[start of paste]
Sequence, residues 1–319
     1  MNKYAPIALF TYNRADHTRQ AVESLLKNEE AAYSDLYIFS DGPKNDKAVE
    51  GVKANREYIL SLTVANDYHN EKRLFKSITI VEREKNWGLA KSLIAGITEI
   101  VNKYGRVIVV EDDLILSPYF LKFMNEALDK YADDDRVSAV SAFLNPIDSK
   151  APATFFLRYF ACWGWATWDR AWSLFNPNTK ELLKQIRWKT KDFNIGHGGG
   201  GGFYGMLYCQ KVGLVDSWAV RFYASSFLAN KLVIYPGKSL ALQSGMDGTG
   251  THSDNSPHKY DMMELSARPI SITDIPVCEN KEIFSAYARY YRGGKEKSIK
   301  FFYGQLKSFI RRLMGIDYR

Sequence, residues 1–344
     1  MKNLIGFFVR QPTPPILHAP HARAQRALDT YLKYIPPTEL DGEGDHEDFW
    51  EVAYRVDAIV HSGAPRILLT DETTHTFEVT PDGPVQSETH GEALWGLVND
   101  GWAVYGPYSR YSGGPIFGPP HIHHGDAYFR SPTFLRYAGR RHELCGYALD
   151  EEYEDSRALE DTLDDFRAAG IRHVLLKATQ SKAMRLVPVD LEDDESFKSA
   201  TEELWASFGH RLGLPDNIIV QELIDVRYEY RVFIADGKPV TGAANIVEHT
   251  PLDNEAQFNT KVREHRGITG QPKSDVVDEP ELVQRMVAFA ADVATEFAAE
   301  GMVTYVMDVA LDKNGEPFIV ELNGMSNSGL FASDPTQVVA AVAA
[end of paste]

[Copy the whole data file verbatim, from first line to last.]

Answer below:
Sequence, residues 1–319
     1  MNKYAPIALF TYNRADHTRQ AVESLLKNEE AAYSDLYIFS DGPKNDKAVE
    51  GVKANREYIL SLTVANDYHN EKRLFKSITI VEREKNWGLA KSLIAGITEI
   101  VNKYGRVIVV EDDLILSPYF LKFMNEALDK YADDDRVSAV SAFLNPIDSK
   151  APATFFLRYF ACWGWATWDR AWSLFNPNTK ELLKQIRWKT KDFNIGHGGG
   201  GGFYGMLYCQ KVGLVDSWAV RFYASSFLAN KLVIYPGKSL ALQSGMDGTG
   251  THSDNSPHKY DMMELSARPI SITDIPVCEN KEIFSAYARY YRGGKEKSIK
   301  FFYGQLKSFI RRLMGIDYR

Sequence, residues 1–344
     1  MKNLIGFFVR QPTPPILHAP HARAQRALDT YLKYIPPTEL DGEGDHEDFW
    51  EVAYRVDAIV HSGAPRILLT DETTHTFEVT PDGPVQSETH GEALWGLVND
   101  GWAVYGPYSR YSGGPIFGPP HIHHGDAYFR SPTFLRYAGR RHELCGYALD
   151  EEYEDSRALE DTLDDFRAAG IRHVLLKATQ SKAMRLVPVD LEDDESFKSA
   201  TEELWASFGH RLGLPDNIIV QELIDVRYEY RVFIADGKPV TGAANIVEHT
   251  PLDNEAQFNT KVREHRGITG QPKSDVVDEP ELVQRMVAFA ADVATEFAAE
   301  GMVTYVMDVA LDKNGEPFIV ELNGMSNSGL FASDPTQVVA AVAA